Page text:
Explained Paal, "Last fall we had a big spike in new equipment sales. That created an issue for us because we had to assemble that equipment for spring. Setting up equipment in cold storage is no fun. That's the reason for a complete rebuilding of that older shed."
"We now have a great work area," says Chuck Nichols, Shop Foreman. "It's perfect for setting up new machinery. With access to air lines along both walls we use air-powered tools and that greatly speeds our work. Plus we've got comfortable air temperatures, even during our sub-zero weather."
"These big bifold doors on both ends are great. They open and close
quickly. They've been completely trouble free. And big doors for moving
big equipment is a real treat and even gives us a drive through option with
big combines if needed."
Haug Implement has two other Schweiss bifolds so they were already aware of the reliability and strength of the Schweiss system.
"We just think the Schweiss doors are top quality. That lift strap system is simple, quick and reliable. And we especially appreciate the quality. We deal in iron all the time so have a high regard for manufacturing excellence. Plus Mike Schweiss is a good guy to deal with," summed up Paal. "We looked at some other brands too just so we knew what was out there but the Schweiss doors just stood out."
GPS farming is now rolling nationwide as farmers constantly strive to become ever more efficient. "It's exciting and predictable, especially for the farmer looking for repeatability in everything he's doing in his cropping program. In essence it lets you get back to the same exact spot, the exact row. You could spray in the same exact row tracks; run your combine in the same exact row tracks. Its popular for guys getting into strip tillage," summed up Haug.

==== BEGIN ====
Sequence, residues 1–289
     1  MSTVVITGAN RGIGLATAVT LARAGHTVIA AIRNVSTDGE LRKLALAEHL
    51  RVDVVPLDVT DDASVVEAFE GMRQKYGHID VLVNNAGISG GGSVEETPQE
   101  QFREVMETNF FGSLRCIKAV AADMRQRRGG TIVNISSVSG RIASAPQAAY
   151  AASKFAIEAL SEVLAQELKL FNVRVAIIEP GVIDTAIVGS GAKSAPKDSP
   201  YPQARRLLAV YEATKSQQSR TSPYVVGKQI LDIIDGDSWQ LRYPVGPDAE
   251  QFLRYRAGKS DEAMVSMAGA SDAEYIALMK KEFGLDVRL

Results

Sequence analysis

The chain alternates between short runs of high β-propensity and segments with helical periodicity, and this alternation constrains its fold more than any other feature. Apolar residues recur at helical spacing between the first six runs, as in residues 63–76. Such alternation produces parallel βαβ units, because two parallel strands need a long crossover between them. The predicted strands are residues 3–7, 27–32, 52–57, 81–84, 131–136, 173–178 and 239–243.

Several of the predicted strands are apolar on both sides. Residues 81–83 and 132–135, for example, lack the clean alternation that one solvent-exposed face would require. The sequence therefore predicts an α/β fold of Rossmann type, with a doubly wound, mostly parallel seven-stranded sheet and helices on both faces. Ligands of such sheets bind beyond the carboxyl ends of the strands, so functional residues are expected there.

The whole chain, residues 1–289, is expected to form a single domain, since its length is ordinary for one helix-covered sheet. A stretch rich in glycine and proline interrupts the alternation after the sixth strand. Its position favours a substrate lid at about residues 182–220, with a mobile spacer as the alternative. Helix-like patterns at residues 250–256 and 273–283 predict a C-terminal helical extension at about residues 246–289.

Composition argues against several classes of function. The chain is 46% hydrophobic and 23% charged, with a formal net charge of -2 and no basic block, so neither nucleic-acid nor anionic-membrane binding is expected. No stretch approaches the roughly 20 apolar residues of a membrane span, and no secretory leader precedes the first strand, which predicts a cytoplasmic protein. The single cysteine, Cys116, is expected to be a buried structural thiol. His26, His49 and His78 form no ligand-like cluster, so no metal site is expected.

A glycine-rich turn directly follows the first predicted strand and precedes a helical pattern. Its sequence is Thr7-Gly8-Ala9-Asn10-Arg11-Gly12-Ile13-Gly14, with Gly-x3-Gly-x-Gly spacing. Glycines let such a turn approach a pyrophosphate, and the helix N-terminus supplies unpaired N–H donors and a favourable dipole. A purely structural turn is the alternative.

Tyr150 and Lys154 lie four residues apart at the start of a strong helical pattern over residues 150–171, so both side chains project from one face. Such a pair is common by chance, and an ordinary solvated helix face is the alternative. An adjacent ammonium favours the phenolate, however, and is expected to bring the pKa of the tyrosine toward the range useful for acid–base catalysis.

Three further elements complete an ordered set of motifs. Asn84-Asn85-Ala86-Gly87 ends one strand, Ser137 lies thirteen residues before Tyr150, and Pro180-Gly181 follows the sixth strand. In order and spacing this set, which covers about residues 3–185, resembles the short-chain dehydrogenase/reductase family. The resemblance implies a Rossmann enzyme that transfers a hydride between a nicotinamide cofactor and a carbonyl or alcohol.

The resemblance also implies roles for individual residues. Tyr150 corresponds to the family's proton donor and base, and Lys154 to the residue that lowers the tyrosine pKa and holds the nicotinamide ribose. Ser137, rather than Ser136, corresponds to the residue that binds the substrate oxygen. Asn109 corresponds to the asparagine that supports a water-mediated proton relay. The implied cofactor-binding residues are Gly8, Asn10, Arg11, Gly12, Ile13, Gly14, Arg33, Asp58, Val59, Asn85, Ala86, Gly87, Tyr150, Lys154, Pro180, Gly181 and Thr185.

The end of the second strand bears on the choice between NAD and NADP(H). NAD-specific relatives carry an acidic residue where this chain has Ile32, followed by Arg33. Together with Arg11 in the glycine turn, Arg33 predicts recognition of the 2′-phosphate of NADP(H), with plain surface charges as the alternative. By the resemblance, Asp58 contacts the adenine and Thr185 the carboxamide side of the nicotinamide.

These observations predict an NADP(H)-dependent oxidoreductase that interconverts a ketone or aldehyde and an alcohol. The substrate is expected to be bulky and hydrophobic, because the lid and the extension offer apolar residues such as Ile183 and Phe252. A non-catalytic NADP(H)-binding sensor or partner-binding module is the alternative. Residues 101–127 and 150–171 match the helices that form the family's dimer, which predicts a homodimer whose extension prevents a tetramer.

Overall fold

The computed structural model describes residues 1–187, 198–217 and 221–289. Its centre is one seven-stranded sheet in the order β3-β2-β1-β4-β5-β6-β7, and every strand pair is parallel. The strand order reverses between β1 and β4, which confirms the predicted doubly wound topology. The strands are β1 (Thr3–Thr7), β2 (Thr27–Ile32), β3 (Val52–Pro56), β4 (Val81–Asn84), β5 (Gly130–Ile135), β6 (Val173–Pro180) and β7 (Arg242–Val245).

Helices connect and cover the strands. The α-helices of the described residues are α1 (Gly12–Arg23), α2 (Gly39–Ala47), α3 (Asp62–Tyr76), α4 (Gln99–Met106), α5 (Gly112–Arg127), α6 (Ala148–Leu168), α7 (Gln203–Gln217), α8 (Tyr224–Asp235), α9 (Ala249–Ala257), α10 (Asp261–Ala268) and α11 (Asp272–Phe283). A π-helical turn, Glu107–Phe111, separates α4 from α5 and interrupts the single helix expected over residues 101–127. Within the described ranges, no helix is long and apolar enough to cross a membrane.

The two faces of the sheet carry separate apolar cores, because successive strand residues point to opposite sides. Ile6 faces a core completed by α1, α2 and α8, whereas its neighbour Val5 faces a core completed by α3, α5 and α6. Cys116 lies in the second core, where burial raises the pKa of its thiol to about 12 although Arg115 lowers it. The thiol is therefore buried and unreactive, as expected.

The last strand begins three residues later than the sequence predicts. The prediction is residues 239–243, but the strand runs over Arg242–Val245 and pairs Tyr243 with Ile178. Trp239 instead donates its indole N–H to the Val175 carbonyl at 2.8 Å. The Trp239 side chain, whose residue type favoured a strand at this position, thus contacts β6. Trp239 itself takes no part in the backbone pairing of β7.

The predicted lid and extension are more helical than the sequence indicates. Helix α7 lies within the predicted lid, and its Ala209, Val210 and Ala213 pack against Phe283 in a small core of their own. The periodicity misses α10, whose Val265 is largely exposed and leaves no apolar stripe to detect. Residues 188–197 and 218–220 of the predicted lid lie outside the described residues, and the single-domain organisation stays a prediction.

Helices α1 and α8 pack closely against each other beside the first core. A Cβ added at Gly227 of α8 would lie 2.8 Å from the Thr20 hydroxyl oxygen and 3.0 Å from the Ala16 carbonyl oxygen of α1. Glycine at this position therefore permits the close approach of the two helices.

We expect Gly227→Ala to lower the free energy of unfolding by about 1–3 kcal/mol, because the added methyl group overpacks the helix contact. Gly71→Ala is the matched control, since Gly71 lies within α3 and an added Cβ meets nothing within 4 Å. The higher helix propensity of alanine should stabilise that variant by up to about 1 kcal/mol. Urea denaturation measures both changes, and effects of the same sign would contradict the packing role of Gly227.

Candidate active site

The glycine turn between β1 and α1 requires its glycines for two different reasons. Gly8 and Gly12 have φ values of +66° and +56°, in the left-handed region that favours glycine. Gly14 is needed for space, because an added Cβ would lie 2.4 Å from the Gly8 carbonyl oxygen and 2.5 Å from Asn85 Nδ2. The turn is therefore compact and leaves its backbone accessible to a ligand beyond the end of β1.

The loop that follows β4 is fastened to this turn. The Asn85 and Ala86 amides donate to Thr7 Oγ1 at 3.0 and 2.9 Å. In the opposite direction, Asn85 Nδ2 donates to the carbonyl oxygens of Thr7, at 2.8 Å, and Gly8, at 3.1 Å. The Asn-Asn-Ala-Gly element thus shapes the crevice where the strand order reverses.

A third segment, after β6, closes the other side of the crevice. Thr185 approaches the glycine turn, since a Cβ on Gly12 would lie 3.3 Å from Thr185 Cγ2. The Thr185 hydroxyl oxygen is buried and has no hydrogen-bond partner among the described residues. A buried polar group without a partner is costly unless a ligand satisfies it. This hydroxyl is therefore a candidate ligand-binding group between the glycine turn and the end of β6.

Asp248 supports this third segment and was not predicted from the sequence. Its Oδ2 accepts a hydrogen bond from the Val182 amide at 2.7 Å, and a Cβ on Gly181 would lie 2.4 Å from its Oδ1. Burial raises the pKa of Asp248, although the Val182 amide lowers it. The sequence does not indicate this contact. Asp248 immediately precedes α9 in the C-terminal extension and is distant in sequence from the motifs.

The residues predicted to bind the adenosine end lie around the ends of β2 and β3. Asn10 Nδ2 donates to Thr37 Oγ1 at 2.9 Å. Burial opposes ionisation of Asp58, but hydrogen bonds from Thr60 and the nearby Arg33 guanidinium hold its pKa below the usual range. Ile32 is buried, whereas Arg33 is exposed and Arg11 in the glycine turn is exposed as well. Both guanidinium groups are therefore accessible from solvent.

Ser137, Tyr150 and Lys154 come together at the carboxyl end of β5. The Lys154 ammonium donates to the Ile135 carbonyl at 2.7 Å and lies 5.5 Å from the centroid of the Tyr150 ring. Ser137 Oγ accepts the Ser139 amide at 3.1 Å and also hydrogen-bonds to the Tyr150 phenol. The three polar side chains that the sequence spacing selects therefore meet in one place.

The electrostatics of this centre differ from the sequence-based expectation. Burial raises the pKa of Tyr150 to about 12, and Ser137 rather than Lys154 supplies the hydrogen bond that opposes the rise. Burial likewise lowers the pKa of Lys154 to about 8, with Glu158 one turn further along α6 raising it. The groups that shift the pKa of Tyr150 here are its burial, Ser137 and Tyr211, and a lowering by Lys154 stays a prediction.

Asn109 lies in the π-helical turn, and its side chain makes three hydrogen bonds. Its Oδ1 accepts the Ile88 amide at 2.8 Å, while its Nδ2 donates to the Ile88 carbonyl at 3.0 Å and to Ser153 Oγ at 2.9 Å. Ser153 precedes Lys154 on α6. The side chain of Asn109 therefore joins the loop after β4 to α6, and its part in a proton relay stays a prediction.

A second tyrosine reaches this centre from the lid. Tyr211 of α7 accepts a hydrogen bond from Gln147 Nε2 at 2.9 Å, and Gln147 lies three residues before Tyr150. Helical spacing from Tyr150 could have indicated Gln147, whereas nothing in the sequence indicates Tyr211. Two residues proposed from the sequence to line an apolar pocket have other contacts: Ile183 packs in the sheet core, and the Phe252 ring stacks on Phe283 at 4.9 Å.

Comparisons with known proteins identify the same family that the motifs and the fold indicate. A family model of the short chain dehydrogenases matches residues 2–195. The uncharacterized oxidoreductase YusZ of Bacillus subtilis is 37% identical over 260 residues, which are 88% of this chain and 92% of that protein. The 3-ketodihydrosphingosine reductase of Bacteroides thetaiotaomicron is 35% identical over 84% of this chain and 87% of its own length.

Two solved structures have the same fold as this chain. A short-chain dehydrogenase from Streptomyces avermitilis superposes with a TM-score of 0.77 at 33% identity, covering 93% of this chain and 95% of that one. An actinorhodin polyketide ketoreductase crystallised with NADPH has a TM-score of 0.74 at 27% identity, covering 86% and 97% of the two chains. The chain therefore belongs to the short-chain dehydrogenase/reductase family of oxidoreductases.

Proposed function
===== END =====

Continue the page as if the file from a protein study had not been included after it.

And to make RTK accuracy work regardless of what fields you are doing, Haug Implement much like other farm equipment dealers across America, has developed their own RTK Network, a series of nine 100' tall towers which permits overlapping GPS accuracy regardless of where your rig is running within the five-county area of their Willmar and Litchfield stores.
So stay tuned. As incredibly helpful as GPS systems already have become, they will get better. Summed up Kevin Paap, Minnesota Farm Bureau President and a GPS farmer (Blue Earth County), "It's saving fuel. It's making us more efficient on every acre. And it's certainly less stressful. If you would have told me even 10 years ago that I would be in the field with a tractor that's steering itself and while that's happening I'm on my Blackberry twittering a message to my Congressman in Washington, I would have said you're nuts. But that's the amazing technology at our fingertips today."